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Filling a toddler’s nutrition gaps

It’s important to understand toddlers’ eating habits and nutrient intakes. These are some common nutrition gaps that may appear in toddlers.

Fruits and vegetables contain essential vitamins, minerals and fibre. A diet high in fruits and veggies is important for healthy growth and development.

How to get it: Offer your toddler ½ serve of fruit and 2-3 serves of vegetables every day. Fruit and vegetable servings can be from fresh, frozen or pureed canned foods, but need to be cut up into small, easy-to-eat pieces. Remember you can still serve purees in toddler-favourite foods to add variety.

Sweetened beverages and desserts. There’s not a lot of room in your toddler’s diet for foods that provide energy but not many nutrients. Desserts, sweets and sweetened beverages can be high in kilojoules compared to the micronutrients they provide, and can displace other nutritious foods in the diet.

How to get it: In place of sweets, serve your toddler more nutritious options such as fruits, yoghurt and cereals and snacks that are made with whole grains.

Fibre plays a big role in your child’s digestive health. An adequate intake for toddlers is 14 grams per day.

How to get it: Every day offer whole grains, and fresh, frozen, pureed or canned fruits and vegetables that are the right size and texture for your child.

Vitamin E is an important antioxidant that helps protect the cells in the body from damage.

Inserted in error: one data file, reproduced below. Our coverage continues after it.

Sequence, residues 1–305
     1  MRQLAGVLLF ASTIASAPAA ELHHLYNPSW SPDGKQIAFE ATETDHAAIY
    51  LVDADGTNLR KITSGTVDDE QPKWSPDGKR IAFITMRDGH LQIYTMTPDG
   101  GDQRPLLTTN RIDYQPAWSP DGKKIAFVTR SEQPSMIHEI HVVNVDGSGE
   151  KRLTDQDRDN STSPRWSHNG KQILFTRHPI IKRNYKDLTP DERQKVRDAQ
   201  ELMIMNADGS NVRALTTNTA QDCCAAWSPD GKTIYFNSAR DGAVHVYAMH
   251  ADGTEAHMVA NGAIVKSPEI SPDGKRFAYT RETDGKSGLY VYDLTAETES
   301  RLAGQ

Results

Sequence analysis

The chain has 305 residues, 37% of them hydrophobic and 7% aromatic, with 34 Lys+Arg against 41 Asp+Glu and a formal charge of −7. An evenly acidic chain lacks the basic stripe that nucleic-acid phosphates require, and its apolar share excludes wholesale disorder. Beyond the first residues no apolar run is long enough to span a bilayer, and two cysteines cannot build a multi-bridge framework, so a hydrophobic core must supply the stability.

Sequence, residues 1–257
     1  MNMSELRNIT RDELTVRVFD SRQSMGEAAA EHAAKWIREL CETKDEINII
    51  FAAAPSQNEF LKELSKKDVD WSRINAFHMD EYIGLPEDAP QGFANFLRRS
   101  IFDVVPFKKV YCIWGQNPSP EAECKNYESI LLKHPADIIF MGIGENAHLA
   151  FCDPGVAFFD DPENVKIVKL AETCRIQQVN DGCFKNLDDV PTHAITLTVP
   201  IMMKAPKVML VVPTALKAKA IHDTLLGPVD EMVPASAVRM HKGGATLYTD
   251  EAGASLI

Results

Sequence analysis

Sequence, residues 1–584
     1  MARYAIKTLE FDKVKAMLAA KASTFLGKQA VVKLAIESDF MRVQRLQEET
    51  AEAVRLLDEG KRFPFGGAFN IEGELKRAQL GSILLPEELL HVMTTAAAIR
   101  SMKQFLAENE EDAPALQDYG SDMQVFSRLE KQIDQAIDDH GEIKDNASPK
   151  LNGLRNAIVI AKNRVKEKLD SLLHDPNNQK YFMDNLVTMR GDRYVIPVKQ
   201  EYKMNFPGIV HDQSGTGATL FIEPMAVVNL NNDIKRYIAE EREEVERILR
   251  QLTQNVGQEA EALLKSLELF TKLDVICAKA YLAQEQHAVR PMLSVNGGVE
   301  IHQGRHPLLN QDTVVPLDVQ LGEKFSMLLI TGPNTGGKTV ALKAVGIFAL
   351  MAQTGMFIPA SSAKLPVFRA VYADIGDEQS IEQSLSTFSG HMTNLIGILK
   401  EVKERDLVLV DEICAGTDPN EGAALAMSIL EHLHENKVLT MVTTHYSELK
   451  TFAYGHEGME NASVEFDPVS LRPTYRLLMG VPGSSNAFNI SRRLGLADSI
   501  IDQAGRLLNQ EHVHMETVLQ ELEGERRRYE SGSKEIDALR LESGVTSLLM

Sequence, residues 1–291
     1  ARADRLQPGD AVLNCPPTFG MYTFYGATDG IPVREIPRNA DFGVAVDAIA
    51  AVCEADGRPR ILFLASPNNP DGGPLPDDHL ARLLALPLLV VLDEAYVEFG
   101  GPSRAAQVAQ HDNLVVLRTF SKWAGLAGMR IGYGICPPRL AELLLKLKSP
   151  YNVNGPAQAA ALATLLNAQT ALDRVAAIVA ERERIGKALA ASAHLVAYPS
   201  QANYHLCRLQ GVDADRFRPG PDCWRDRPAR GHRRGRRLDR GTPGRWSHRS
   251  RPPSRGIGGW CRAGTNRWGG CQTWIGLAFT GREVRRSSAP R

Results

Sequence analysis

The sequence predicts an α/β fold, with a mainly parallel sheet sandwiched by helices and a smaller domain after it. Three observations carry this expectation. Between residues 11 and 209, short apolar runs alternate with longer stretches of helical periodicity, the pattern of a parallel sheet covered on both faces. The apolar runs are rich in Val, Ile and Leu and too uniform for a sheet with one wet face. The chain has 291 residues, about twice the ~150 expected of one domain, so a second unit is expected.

How to get it: Foods that have Vitamin E include vegetable oils (canola, corn, soybean), avocados, whole grains and some leafy green vegetables (spinach, broccoli).

Potassium is a mineral that helps muscles work properly.

How to get it: Potassium is found in many foods, including potatoes, sweet potatoes, avocado, spinach, yogurt, bananas and citrus fruits.

Healthy fats contain important kilojoules for growth. Fat also helps the body use vitamins, such as Vitamins A, D, E and K.  A toddler’s diet should include about 20 to 35% of total energy intake from fat, preferably mono- and polyunsaturated fats like those found in fish, avocados, and foods made with vegetable oils, such as canola and soybean oil. These healthy fats should replace the saturated fats found in high-fat dairy products such as butter, cheese and fatty meats such as hot dogs, bacon and sausages.

How to get it: Try preparing foods with fat like soy or canola oil, that also have the Omega-3 fat, alpha-linolenic acid, or offer condiments such as mayonnaise or salad dressings made with these oils. Remember to limit foods high in saturated and trans fats.

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